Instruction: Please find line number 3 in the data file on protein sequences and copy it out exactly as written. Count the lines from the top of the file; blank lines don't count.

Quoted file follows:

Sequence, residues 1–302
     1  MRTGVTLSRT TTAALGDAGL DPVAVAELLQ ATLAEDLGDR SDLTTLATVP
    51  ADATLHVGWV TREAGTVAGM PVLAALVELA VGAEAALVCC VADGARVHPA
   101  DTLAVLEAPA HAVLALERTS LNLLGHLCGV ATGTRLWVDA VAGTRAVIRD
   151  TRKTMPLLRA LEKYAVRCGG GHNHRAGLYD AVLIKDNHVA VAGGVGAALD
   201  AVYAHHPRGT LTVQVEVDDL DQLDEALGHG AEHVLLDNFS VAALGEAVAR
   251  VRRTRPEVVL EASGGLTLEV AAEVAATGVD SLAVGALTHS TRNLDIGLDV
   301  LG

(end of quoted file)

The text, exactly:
    51  ADATLHVGWV TREAGTVAGM PVLAALVELA VGAEAALVCC VADGARVHPA